81 parties have fielded over 11,181 candidates vying for 350 parliamentary constituency seats. 2,917 candidates from 77 parties are contesting 150 seats party-list seats in the House, and these will be allocated based on total votes each party’s candidates have collected from all the 350 single-member election constituencies.

On top of that, 44 parties have nominated 68 candidates for the premiership.

The NCPO has hand-picked 250 for royal appointment to the Senate. These appointed senators shall take part in the selection of prime minister over the next five years.

In effect, the NCPO is planting its largest voting bloc in parliament.

An inconclusive election outcome looks inevitable.

None of the top three parties can realistically hope to win up to 200 seats in the 500-member House of Representatives, let alone 251 seats for the majority control.

To have its nominee be appointed PM, a party or a coalition of parties needs at least 376 votes in the combined sitting of the House and the Senate.

Gen Prayuth can easily win and retain the premiership if his Phalang Pracharath Party can secure 126 seats in the House, assuming that he and the NCPO can count on the 250 appointed senators to “do the right thing”.

Fifth, neither the NCPO nor Gen Prayuth has been tarnished by any corruption charges as seriously as in the 1MDB case which significantly eroded Malaysians’ trust in Prime Minister Najib Razak and Umno.

The high cost of living, low crop price, growing household debt, economic inequalities, and unemployment – the Thais call them “mouth and stomach” issues – feature much more prominently in Thai voters’ minds than concerns about corruption.

That is of course not to say that bread and butter issues did not feature highly among Malaysian voters’ top concerns.

But in Thailand’s case, there has been no standout lighting rod like the 1MDB scandal that the opposition can aim at the government.

The pro-Prayuth camp also has the advantage of promising to continue to improve existing social welfare benefits, whereas other opposition parties have to try to outwit one another with wild promises without explaining clearly where the money needed will come from.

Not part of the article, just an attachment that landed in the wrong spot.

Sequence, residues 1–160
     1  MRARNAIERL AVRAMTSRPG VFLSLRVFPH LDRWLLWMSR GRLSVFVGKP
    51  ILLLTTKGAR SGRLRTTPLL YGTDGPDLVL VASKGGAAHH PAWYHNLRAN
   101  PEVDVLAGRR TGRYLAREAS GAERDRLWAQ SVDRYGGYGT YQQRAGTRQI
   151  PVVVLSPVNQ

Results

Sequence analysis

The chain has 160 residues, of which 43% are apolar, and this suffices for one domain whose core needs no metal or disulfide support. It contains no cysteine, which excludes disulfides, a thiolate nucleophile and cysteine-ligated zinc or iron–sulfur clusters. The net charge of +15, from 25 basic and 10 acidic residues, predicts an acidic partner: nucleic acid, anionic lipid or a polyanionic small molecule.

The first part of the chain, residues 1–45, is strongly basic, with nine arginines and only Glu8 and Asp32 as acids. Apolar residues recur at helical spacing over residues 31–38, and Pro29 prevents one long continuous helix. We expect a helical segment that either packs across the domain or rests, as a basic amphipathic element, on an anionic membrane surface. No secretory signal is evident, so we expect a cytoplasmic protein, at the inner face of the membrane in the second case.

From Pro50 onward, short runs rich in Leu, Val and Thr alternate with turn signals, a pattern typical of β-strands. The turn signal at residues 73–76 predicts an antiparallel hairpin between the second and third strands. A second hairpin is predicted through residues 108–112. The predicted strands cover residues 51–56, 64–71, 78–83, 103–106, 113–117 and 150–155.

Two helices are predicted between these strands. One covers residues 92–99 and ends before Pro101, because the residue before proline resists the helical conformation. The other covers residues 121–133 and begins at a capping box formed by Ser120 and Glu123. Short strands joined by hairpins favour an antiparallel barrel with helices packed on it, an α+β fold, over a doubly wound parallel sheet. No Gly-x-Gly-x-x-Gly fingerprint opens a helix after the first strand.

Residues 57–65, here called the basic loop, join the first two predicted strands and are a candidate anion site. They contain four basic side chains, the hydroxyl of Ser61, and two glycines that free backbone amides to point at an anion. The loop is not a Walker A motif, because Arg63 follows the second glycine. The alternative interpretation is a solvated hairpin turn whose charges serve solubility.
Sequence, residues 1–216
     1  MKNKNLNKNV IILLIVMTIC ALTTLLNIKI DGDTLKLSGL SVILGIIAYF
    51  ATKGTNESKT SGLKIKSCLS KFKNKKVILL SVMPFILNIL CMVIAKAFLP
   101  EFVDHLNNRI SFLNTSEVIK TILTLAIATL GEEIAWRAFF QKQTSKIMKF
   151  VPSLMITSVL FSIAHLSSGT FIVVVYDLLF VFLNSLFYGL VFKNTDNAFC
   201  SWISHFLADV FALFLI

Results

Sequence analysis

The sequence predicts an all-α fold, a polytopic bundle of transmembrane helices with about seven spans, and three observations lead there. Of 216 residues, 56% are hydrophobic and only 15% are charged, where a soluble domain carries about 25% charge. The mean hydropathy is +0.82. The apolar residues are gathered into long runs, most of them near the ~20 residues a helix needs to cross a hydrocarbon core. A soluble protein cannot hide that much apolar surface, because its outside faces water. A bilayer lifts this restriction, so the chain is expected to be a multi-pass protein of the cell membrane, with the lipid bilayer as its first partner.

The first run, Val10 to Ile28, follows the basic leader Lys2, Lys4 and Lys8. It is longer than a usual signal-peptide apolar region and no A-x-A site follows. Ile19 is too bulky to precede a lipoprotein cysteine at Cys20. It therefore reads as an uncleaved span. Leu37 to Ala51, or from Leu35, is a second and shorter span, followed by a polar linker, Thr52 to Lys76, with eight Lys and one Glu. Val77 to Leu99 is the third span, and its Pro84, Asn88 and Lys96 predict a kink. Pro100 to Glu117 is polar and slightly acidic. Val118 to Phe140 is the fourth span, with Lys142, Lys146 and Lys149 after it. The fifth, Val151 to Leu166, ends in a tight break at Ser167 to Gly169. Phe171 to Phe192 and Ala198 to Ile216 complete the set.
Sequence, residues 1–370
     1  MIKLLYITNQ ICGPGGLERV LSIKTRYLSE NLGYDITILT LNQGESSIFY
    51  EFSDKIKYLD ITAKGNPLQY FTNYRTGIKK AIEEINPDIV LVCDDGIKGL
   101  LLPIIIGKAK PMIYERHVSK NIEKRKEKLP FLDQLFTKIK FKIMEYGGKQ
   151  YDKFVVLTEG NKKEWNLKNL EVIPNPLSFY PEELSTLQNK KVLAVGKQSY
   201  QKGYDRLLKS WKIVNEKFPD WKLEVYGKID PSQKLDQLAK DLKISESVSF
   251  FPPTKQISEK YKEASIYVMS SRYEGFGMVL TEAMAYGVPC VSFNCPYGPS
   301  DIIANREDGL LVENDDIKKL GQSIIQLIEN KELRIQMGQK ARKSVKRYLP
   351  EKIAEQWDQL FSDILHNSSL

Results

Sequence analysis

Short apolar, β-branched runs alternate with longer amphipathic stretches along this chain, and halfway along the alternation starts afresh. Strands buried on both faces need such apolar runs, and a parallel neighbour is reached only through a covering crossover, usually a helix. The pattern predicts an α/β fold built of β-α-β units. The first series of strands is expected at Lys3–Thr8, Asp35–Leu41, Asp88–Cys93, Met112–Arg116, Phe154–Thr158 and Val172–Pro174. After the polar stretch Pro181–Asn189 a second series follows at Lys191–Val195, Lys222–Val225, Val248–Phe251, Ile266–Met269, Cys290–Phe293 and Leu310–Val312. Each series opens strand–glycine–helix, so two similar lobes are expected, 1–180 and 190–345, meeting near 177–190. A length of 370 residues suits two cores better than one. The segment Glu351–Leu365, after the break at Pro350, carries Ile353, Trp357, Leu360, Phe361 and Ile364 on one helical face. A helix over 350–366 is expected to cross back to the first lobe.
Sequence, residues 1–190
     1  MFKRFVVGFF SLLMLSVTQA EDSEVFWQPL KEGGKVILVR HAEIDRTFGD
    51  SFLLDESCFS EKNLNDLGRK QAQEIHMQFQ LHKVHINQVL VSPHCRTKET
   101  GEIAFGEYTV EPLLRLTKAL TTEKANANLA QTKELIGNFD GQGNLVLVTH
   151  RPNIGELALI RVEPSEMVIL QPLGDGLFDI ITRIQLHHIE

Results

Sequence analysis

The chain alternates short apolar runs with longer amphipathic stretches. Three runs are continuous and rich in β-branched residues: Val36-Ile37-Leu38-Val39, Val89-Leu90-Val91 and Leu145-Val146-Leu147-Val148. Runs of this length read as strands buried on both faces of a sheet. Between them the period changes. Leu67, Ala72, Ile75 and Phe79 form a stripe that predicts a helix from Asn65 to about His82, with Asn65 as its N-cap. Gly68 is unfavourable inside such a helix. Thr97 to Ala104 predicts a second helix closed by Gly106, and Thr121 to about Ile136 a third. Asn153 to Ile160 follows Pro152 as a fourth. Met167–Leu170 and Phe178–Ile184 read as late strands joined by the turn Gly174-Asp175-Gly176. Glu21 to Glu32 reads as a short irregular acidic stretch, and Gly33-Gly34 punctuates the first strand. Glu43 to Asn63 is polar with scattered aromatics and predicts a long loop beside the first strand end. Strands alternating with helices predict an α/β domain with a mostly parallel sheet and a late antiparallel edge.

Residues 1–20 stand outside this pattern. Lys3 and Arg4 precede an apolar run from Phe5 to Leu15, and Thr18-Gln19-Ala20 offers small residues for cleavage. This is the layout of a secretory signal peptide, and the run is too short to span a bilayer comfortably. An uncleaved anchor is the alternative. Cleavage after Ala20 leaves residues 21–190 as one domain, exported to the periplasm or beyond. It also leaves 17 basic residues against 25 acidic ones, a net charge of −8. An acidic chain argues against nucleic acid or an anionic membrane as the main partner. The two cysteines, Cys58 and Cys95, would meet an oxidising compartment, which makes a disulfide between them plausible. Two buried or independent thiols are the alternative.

Lastly, unlike in the Malaysian election last May, social media cannot be used in Thailand to organise or mobilise Thai voters to go to vote on polling day on March 24.

The Prayuth government has maintained tight control of social media. It has laid down many rules to restrict campaigning by social media. For example, no one can organise car-pooling to take voters to polling stations on election day.

The police have been closely monitoring the cyber space.

Culprits posting fake news will be swiftly tracked down and prosecuted.

The impact of such curbs on the 7.1 million first-time voters aged between 18 and 25 years is unclear.

While some Thailand’s youths have voiced opposition to the junta’s prolonged rule – including through a Youtube video that has gone viral - it is premature to conclude that they are going to vote for parties opposing the junta.

All in, I think there will be no “Thai tsunami”.

But I am afraid the inconclusive election outcome will lead to protracted political chaos and even instability.

Should this be the case, I will not be surprised if the Army seizes government power and once again resets Thai politics back to zero.


Dr Termsak Chalermpalanupap is a lead researcher at the Asean Studies Centre and a member of the Thailand Studies Programme of the Iseas-Yusof Ishak Institute in Singapore.